The Tallahassee Democrat newspaper reported what drew the most debate was a provision that a school will notify parents — by form — if a student who is “open about their gender identity” is in a physical education class or on an overnight trip. 

Some teachers and students during the Tuesday night meeting said the policy will “out” LGBTQ+ students — revealing their sexual orientation or gender identity without their permission. 

While the policy language does explicitly say a student’s sexual orientation, gender identity or expression “should not be shared with others without their input and permission,”  advocacy groups and activists claim that in “real world” application the policy’s danger to Outing LGBTQ+ kids remains regardless.

Los Angeles-based writer and actor Benjamin Siemon took to Twitter angrily noting that the policy “essentially paints these children as sex offenders that require warnings.”

Supporters of the school board’s new policy included the Leon County chapter of Mom’s for Liberty, a national far-right anti-LGBTQ+ activist group which has sought to ban LGBTQ+ books and curriculum nationwide. But the sticking point for the group is the provision doesn’t go far enough.

According to the Tallahassee Democrat, Sharyn Kerwin, head of the Leon County chapter of Mom’s for Liberty and who also served on the advisory committee to the School board as it crafted the new policy, told board members and the audience Tuesday: “Any attempt to withhold information from a parent or try to influence a child in a knowing way is against Florida law.”

Kerwin and other parents argued that the Parental Rights in Education bill, HB 1557, colloquially referred to as the “Don’t Say Gay” law requires school administrators to notify parents and many in the audience Tuesday citing biblical verses maintained discussions about sexual orientation have no place in schools.

Opponents charge that this policy will effectively weaponize bigotry and target LGBTQ+ kids, especially trans youth.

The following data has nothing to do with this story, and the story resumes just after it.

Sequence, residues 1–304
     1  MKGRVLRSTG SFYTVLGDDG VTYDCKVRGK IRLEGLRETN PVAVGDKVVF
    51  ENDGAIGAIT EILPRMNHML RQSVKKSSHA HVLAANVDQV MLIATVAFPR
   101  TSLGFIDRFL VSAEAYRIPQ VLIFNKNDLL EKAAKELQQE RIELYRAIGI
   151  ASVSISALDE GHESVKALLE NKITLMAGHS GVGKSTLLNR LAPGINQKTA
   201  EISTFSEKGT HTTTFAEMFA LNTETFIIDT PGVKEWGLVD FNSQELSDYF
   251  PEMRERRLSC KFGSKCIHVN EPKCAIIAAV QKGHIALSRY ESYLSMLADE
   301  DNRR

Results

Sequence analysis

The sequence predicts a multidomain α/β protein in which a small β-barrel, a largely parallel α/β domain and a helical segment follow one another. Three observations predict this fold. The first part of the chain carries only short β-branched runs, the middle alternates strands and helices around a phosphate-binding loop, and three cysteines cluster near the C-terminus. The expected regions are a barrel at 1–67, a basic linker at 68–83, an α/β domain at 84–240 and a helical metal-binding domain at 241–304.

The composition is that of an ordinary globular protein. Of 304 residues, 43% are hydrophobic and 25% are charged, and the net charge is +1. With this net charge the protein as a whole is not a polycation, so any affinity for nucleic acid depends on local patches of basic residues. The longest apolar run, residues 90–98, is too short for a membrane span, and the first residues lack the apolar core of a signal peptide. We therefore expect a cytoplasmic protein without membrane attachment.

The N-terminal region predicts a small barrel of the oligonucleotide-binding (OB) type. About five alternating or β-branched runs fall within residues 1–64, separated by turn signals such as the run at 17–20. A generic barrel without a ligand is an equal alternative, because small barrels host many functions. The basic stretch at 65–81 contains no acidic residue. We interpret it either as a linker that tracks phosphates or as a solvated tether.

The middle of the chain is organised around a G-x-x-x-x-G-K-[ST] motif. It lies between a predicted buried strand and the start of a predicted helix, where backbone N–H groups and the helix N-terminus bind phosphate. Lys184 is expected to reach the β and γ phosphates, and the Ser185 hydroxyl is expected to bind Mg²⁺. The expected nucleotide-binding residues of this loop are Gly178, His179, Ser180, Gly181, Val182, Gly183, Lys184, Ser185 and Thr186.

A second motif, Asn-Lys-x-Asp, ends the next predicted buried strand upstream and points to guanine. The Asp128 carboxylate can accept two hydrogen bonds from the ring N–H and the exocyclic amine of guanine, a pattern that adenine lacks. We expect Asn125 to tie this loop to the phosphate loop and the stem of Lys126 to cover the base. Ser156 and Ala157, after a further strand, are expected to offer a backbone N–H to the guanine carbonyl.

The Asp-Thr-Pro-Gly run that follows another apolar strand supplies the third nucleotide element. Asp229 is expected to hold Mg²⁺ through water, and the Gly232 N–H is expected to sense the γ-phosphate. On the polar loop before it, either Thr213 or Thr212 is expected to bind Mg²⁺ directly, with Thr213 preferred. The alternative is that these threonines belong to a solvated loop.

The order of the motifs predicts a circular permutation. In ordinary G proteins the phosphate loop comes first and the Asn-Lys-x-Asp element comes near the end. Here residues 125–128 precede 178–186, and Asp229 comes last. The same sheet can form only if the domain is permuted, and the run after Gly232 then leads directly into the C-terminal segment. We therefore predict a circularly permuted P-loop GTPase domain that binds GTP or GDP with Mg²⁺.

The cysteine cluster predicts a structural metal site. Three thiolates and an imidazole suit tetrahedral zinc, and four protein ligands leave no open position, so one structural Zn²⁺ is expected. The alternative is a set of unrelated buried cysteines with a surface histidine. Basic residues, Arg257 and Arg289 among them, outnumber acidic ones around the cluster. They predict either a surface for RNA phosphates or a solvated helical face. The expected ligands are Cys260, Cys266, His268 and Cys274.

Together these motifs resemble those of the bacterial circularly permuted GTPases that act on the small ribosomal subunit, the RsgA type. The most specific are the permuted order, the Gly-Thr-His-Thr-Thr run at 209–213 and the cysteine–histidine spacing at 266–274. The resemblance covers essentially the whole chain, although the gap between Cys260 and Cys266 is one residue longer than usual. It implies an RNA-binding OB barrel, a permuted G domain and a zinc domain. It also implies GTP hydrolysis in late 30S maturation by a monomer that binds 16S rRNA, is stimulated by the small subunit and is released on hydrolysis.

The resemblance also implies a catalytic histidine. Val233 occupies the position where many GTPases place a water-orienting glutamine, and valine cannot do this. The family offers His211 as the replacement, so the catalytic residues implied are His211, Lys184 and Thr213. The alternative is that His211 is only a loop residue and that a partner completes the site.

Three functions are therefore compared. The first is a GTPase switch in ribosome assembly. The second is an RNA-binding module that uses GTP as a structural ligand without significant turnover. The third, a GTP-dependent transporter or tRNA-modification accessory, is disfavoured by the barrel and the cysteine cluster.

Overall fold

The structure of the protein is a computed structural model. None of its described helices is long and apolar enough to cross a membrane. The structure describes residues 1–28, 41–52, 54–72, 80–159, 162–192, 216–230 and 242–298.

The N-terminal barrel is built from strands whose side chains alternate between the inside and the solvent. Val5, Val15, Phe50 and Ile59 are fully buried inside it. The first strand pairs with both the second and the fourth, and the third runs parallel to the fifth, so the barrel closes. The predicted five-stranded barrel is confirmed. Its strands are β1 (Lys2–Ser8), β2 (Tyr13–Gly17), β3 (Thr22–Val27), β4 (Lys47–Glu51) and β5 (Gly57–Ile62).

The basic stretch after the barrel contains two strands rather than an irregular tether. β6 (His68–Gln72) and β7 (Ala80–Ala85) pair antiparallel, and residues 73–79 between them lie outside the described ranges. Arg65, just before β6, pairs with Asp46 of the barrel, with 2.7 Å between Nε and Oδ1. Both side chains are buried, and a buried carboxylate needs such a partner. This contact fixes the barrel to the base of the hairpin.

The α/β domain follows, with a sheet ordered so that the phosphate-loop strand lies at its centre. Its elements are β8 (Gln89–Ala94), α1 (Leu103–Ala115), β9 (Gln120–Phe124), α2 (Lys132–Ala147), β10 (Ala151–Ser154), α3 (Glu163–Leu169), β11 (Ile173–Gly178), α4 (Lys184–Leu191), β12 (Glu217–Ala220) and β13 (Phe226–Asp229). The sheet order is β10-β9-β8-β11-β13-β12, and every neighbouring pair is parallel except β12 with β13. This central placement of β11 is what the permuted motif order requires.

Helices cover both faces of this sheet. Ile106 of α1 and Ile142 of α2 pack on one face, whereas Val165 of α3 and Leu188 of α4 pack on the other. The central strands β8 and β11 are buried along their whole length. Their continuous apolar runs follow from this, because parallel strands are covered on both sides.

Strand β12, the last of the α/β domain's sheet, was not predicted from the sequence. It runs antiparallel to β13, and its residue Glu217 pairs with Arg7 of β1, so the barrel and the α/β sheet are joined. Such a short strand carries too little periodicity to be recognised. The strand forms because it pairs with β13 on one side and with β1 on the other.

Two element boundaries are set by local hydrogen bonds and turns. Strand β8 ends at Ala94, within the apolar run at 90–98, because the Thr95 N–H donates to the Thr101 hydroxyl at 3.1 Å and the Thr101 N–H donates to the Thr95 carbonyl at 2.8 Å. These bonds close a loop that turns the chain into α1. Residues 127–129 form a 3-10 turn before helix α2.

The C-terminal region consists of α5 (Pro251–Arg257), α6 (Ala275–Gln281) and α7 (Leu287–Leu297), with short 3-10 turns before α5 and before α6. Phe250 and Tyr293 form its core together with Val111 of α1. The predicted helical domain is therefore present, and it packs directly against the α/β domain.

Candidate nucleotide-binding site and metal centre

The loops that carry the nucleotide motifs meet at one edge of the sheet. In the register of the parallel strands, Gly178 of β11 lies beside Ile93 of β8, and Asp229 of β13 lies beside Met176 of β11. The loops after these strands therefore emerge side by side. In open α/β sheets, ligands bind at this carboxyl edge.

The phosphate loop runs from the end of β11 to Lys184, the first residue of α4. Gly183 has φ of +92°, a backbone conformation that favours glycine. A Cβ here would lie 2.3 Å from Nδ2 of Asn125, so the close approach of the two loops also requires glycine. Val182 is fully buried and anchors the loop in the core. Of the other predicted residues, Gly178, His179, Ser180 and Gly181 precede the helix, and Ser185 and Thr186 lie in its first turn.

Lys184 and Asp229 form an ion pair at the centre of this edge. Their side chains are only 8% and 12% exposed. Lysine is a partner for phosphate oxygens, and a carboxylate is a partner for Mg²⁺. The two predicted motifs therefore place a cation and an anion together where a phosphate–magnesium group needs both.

Critics of the notification policy say the district’s language is equating “gender identity” with LGBTQ sexuality. They note that even someone who is “straight” expresses themselves via their clothing choices or appearance and can be “open about their gender identity,” the Tallahassee Democrat noted.

“Sending out a parent notification could be seen as placing a target on a student’s back,” said Lauren Kelly-Manders, a Tallahassee resident. 

In the end, even with the policy approved, none were happy with the outcome as one side claiming not enough consideration was given to parental rights and opponents charging this will simply increase bullying of LGBTQ+ kids.

“Normally when we have something on the agenda, we have a group that’s for, and a group that’s against,” school board Vice Chair Alva Striplin noted adding, “Well, tonight we had everyone against.”

The school board voted to approve the guide unanimously 4-0.  According to the Tallahassee Democrat school board members will schedule another meeting to revisit the guide in six months to adjust the policy if needed. 

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The White House

White House announces 17 Presidential Medal of Freedom recipients

The nation’s highest civilian honor, the Presidential Medal of Freedom will be presented to those named at the White House on July 7, 2022

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Megan Rapinoe, an Out Olympic gold medalist is among those named ((Screenshot/YouTube via U.S. Soccer )

WASHINGTON – The White House today released President Joe Biden’s selection of recipients for bestowing the nation’s highest civilian honor,  the Presidential Medal of Freedom. The awards will be presented at the White House on July 7, 2022.

Included among the seventeen honorees are Megan Rapinoe, the Out Olympic gold medalist and two-time Women’s World Cup champion. She also captains OL Reign in the National Women’s Soccer League. She is a prominent advocate for gender pay equality, racial justice, and LGBTQI+ rights.

Also selected by the president for a posthumous recognition was Richard Trumka, the powerful labor leader and longtime Democratic ally of the LGBTQ+ community who passed away last August. Trumka had led the AFL-CIO since 2009 and who throughout his career, was an outspoken advocate for LGBTQ+ Americans, social and economic justice.

The Presidential Medal of Freedom is the Nation’s highest civilian honor, presented to individuals who have made exemplary contributions to the prosperity, values, or security of the United States, world peace, or other significant societal, public or private endeavors.

Presidential Medal of Freedom (The White House)

The following individuals will be awarded the Presidential Medal of Freedom:

Simone Biles